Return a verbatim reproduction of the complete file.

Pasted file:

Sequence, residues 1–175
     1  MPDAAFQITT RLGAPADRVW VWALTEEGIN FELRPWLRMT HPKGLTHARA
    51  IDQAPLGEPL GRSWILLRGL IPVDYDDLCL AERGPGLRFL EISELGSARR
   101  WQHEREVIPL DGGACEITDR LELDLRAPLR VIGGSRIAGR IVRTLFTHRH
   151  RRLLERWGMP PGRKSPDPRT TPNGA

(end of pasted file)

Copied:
Sequence, residues 1–175
     1  MPDAAFQITT RLGAPADRVW VWALTEEGIN FELRPWLRMT HPKGLTHARA
    51  IDQAPLGEPL GRSWILLRGL IPVDYDDLCL AERGPGLRFL EISELGSARR
   101  WQHEREVIPL DGGACEITDR LELDLRAPLR VIGGSRIAGR IVRTLFTHRH
   151  RRLLERWGMP PGRKSPDPRT TPNGA